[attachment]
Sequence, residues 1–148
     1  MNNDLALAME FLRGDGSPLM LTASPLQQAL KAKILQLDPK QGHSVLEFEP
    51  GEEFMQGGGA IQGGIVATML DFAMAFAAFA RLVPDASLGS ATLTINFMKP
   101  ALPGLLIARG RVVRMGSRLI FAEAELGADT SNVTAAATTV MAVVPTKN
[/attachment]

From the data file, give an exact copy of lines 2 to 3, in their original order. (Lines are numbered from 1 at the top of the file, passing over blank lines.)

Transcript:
     1  MNNDLALAME FLRGDGSPLM LTASPLQQAL KAKILQLDPK QGHSVLEFEP
    51  GEEFMQGGGA IQGGIVATML DFAMAFAAFA RLVPDASLGS ATLTINFMKP